The man who held an unidentified Colorado State player and his roofing company coworker at gunpoint on Thursday because he thought the men were members of antifa also allegedly knelt on the player’s neck while waiting for police to arrive.
Scott Gudmundsen is charged with two counts of false imprisonment and two counts of felony menacing. Per arrest documents obtained by the Coloradoan, Gudmundsen used the same tactic on the player that former Minneapolis police officer Derek Chauvin used on George Floyd on May 25. Floyd died after Chauvin had his knee on his neck for eight minutes and 46 seconds. Chauvin has been charged with second-degree murder.
Neither man was injured during Thursday’s incident with Gudmundsen.
Gudmundsen had approached the men, pointed a firearm at them and told them to get on the ground, arrest documents say. The men told police Gudmundsen called them terrorists and antifa and said he would shoot them.
As Gudmundsen held a gun to the CSU athlete's back and knelt on his neck, he told the man that "he was not going to kill him, the police would," according to arrest documents.
The player, who is black, was with his coworker in Loveland, Colorado, and going house-to-house after a recent hailstorm. Per the arrest documents, Gudmundsen thought they were members of antifa — despite being clearly identifiable by their shirts and other materials that they were working for a roofing company — and was wearing tactical gear when he detained the men after calling the police.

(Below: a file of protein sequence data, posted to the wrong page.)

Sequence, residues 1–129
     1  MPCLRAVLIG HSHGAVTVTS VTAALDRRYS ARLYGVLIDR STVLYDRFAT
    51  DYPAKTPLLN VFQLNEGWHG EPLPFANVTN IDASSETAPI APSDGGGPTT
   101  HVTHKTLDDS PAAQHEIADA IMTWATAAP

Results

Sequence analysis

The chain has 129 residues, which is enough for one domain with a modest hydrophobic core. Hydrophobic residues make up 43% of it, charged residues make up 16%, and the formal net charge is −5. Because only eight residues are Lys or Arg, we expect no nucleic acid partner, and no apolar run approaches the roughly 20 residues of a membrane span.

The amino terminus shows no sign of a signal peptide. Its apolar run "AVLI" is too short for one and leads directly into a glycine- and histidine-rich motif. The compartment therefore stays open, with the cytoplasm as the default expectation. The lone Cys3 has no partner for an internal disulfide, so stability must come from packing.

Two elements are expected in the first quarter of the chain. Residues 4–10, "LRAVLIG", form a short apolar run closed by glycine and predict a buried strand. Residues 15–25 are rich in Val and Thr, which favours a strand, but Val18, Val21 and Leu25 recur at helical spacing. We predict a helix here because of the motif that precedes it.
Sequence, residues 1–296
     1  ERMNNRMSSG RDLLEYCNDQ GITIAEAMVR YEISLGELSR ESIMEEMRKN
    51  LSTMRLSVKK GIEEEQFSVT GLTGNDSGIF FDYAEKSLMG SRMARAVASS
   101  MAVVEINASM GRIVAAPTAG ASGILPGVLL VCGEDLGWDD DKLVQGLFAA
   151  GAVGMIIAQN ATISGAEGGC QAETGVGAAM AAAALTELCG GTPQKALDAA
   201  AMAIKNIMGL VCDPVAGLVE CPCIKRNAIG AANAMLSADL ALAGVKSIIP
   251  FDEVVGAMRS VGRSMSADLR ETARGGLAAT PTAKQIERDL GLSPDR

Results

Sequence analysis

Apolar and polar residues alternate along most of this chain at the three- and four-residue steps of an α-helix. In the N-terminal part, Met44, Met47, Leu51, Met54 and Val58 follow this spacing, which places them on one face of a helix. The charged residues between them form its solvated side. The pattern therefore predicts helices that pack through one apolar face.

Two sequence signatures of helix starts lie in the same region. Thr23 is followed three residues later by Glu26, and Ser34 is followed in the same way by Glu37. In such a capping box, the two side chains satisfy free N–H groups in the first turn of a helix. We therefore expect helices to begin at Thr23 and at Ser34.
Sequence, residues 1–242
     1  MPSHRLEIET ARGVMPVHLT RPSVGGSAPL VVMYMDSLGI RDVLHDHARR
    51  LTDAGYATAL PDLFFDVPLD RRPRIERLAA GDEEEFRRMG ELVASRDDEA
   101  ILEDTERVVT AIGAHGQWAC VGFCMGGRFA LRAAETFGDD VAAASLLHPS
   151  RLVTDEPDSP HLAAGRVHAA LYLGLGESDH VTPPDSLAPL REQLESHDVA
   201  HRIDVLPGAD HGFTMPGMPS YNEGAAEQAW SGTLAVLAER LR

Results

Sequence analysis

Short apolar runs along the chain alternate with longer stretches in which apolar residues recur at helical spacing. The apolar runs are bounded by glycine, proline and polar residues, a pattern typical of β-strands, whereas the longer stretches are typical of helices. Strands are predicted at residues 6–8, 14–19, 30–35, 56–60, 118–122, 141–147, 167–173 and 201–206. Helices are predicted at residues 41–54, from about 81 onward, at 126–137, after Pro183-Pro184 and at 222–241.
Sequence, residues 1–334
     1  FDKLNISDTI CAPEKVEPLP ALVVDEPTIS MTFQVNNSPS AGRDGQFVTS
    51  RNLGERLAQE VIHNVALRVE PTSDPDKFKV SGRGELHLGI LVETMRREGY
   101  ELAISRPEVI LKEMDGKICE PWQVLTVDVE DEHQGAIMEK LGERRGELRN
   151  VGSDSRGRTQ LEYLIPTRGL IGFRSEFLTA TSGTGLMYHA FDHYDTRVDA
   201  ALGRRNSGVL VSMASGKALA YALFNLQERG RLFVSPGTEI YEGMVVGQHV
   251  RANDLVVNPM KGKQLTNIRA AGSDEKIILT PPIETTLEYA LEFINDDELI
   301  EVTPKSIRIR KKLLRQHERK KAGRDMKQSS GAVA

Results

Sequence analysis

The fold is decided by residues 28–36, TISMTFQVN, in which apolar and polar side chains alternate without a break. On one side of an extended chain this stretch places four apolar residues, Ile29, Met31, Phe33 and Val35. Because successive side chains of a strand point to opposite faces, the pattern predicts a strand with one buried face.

The men had been to Gudmundsen’s house the previous day and left after he instructed them leave. He then detained them on Thursday approximately two blocks from his house. Included in the Coloradoan’s story is the acknowledgment of social media posts from the Loveland area based on false rumors that members of antifa were coming to the suburb with the intent to cause harm.
Gudmundsen’s son previously told a Denver news station that his father was receiving mental health treatment.
Colorado State issued an open letter to its students on Friday night after learning of the incident involving the player:
“Our student is a young man of color, while the perpetrator is white. Regardless of what investigators learn or reasons the perpetrator gives, we know this: Our student got up Thursday morning, worked out with his team, then showered, dressed, and went to work. Hours later, he was facing a stranger with a gun and hearing police sirens that had been inexplicably called on him. Given what we have seen happening in cities across this county, we know all too well that this encounter could have proceeded very differently.”
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Nick Bromberg is a writer for Yahoo Sports.
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